Fun Fact: If you experience the game enough, you start learning Morse Code by following along with the subtitles.

This doesn’t output theoretically perfect Morse Code. It was designed to have a semi-randomized “hand” (like having an accent, but in Morse Code).

Built with Flask, a web framework in Python.

PDF Auto-Duplexer

The number one request I’ve gotten for graph paper is to add a function that makes 2-page documents that can be easily duplex printed. I haven’t done that because it will further complicate the interface. Also, it isn’t fun to work with a 20-year-old codebase written in a dying language.

The new duplexer is written in python with a JavaScript interface. It doesn’t work well with Firefox, and I’m fine with that. It does work well with Edge, Safari, and Chrome.

# read the file, duplicate the page and write to a new pdf
pdf_writer = PdfWriter()
pdf_reader = PdfReader(file)
page = pdf_reader.pages[0] # get the first page

pdf_writer.add_page(page) # add the page twice

# save to in-memory file
pdf_bytes = io.BytesIO()
pdf_writer.write(pdf_bytes) # go to the start of the file

# create response and set custom header
response = make_response(send_file(pdf_bytes, mimetype='application/pdf', as_attachment=True, download_name=new_file_name))
return response

Chat GPT4 makes graph paper!

It does take an extra step, but it figured it out in python!

The Prompt:
Please write a python script using fpdf that will output a file “my-grid.pdf” which is a landscape a4 pdf file with a background color of dark purple, and has a border of at least 2cm. In the remaining space, figure out how many 1cm x 1cm squares would best fill the remaining space, and build a 1cm x 1cm grid with thin white lines. Do not draw partial squares.

The Code:
from fpdf import FPDF

# Constants
A4_WIDTH = 297 # Width of A4 paper in mm (landscape)
A4_HEIGHT = 210 # Height of A4 paper in mm (landscape)
BACKGROUND_COLOR = (41, 31, 88) # Dark purple
BORDER_WIDTH = 20 # 2cm border width
GRID_SIZE = 10 # 1cm x 1cm squares
GRID_COLOR = (255, 255, 255) # White

# Initialize PDF
pdf = FPDF("L", "mm", "A4")

# Set background color
pdf.rect(0, 0, A4_WIDTH, A4_HEIGHT, "F")

# Calculate grid dimensions
grid_width = A4_WIDTH - 2 * BORDER_WIDTH
grid_height = A4_HEIGHT - 2 * BORDER_WIDTH
grid_columns = grid_width // GRID_SIZE
grid_rows = grid_height // GRID_SIZE

# Draw grid
pdf.set_line_width(0.3) # Thin lines

for row in range(grid_rows + 1):
pdf.line(BORDER_WIDTH, y, BORDER_WIDTH + grid_columns * GRID_SIZE, y)

for col in range(grid_columns + 1):
pdf.line(x, BORDER_WIDTH, x, BORDER_WIDTH + grid_rows * GRID_SIZE)

# Save PDF

And the final PDF output (after the script is run locally)

  1. my-grid

If you run into problems at any step of the way, paste your errors into ChatGPT, and it’ll help you out!

Music AI Review: Boomy

What it does: You choose a genre, get some music.

Is it good? No.
When will it get good? Probably never.

I got the $35 annual subscription, so I will review it later this year, but my expectations are low.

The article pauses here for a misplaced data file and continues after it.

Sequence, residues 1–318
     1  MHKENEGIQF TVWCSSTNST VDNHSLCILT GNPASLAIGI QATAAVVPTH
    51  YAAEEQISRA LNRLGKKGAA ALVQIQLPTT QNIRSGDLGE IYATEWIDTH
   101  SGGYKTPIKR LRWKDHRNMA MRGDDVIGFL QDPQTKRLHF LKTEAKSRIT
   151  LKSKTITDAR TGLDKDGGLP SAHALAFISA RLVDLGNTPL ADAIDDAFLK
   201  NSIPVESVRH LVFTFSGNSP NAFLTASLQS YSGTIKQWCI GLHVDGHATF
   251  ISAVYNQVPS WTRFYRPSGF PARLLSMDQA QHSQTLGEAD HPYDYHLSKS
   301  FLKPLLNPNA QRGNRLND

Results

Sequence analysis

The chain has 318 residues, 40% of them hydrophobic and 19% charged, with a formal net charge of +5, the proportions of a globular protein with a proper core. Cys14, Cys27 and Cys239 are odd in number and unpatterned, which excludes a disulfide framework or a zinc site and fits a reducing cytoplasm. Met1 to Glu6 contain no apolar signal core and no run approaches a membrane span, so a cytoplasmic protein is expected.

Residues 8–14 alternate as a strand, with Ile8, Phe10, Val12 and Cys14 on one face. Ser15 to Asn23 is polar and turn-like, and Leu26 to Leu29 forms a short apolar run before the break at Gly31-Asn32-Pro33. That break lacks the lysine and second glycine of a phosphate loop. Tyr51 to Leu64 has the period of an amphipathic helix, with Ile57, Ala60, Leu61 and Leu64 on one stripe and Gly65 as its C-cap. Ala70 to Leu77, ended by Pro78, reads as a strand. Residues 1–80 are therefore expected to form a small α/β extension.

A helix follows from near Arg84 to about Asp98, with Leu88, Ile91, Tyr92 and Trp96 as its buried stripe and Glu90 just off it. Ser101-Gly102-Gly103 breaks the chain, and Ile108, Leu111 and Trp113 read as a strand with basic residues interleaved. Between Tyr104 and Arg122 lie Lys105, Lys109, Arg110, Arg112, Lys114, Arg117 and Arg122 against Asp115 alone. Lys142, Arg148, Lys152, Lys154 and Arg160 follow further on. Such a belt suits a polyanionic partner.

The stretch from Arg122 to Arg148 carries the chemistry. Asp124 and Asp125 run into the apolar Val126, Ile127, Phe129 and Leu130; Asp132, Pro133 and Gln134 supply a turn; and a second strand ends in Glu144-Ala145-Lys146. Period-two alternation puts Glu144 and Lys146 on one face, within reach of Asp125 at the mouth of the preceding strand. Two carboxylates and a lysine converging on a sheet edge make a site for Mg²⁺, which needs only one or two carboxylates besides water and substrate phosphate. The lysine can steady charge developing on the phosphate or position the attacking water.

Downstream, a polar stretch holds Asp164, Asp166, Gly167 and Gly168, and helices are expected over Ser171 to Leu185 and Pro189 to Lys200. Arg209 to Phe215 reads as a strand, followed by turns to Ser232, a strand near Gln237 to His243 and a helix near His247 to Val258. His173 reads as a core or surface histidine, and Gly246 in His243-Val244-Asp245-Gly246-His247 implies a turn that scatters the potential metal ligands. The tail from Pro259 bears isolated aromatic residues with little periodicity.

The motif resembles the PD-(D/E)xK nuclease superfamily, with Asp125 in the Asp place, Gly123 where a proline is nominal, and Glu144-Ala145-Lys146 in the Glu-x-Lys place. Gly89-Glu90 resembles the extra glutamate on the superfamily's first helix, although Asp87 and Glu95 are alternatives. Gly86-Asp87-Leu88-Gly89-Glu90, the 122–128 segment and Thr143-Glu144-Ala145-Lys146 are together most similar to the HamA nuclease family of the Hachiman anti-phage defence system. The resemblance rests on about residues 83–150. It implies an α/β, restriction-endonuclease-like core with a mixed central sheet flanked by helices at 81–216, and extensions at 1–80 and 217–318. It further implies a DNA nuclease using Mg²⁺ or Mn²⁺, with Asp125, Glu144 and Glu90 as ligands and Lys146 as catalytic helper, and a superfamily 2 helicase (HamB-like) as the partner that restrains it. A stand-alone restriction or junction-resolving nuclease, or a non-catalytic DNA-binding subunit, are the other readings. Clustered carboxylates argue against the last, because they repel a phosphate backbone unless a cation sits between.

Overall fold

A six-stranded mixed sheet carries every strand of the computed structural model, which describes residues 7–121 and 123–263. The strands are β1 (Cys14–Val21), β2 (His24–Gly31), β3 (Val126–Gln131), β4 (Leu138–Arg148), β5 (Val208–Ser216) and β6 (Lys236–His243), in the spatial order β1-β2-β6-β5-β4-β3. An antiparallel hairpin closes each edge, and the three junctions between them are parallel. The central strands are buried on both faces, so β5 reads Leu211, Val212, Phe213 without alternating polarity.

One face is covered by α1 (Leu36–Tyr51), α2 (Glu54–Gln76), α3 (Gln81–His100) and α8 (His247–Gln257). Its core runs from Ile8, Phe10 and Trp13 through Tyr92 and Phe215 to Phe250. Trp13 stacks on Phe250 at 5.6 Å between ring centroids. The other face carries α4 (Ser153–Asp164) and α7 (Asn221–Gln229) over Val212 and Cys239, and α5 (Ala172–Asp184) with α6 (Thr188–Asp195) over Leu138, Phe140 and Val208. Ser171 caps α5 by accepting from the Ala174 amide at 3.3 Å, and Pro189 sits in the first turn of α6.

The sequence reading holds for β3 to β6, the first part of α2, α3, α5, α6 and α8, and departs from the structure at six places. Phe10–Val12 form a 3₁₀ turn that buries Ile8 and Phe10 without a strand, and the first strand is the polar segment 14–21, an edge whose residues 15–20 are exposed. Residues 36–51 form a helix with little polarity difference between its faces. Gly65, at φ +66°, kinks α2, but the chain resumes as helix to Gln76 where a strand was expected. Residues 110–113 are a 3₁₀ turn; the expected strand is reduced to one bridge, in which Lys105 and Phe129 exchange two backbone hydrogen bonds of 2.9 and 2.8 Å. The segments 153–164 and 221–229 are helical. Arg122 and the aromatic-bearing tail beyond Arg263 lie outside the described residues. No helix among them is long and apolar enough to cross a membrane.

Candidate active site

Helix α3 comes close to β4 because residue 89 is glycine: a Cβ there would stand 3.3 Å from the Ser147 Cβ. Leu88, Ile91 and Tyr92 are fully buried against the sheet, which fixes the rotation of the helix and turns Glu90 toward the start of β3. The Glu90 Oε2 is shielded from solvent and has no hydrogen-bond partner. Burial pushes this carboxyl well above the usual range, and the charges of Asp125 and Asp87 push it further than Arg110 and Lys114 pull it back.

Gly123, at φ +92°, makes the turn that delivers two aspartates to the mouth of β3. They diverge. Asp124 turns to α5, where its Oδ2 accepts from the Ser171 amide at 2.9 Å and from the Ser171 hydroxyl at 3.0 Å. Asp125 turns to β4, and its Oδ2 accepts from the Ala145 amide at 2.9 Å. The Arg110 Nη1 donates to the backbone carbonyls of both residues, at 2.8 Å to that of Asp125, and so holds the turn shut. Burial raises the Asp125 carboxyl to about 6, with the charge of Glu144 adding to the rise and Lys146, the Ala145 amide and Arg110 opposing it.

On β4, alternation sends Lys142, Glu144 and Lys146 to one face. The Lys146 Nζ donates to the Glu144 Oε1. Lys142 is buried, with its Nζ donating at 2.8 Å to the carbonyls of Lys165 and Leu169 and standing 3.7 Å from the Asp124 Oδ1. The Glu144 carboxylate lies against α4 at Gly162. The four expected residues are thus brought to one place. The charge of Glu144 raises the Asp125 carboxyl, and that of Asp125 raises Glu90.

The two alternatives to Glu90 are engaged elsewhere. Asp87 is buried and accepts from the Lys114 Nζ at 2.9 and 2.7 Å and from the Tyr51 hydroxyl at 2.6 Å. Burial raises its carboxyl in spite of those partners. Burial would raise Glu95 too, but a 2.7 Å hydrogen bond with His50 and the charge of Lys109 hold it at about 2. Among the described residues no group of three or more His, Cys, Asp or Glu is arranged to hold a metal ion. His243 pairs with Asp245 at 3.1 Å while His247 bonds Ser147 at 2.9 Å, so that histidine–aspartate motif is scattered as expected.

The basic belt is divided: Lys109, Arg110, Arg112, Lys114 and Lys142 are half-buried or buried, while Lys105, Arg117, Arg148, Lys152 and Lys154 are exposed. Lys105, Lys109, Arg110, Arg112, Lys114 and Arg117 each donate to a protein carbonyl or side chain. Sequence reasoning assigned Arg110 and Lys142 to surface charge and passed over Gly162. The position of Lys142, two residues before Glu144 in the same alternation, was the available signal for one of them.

What went wrong: Boomy works the way humans do. It puts notes on a timeline, and then uses synths or samples (short recordings) of instruments to make a mix out of them that resembles music. In a way, it builds something like sheet music, and then uses that to generate music.

Sheet Music and a PCM Representation

These are not the same kind of data.

Most image generating AIs work with pixels as their building blocks. The sound-equivalent of this is the sample. It is a number that tells you where on a graph you are, and are usually read at 48,000 samples every second.

In terms of data, a 100×100 pixel image is roughly equivalent to 1 second of audio.
To push the analogy too far, Boomy works by cutting and pasting lots of little pictures together. The catalog of pictures is fixed, and it isn’t that big.

Boomy is clipping from a low quality picture book. That can be updated.
But. The music has very little in the sense of melodic understanding. That can be taught.
But. It also doesn’t display a grasp on overall form of the piece. That can be taught.
But. It just seems to layer the instruments on top of each other, just not caring about interactions between the bass and drums and melodies. That’s gonna require a whole new approach, it is possible.

There’s a giant list of problems that I could describe, and maybe they can fix a few issues, but this approach will never be as versatile, creative, flowing, or beautiful as an AI that uses a sample-based approach.

Killer Application: I don’t see any practical use for this service. I’ll say they have a killer domain name.

Price: Free – $120/year
Quality: No

This review was not sponsored. Obviously.

Shinies for e’rbody!

Goblin Soldier Tinker Spy

“Ya wants ta make things? Piles of things? Make things wit us Goblins! We got sticks and hammers and pokies. You get ta hit things wit udder things. If ya hit a rat, ya gets more stew! If ya hits da stew, ya get hit with rats.”

Teamwork! Steady Progress! Shinies! Work with Goblins today!

You can purchase from iTunes here!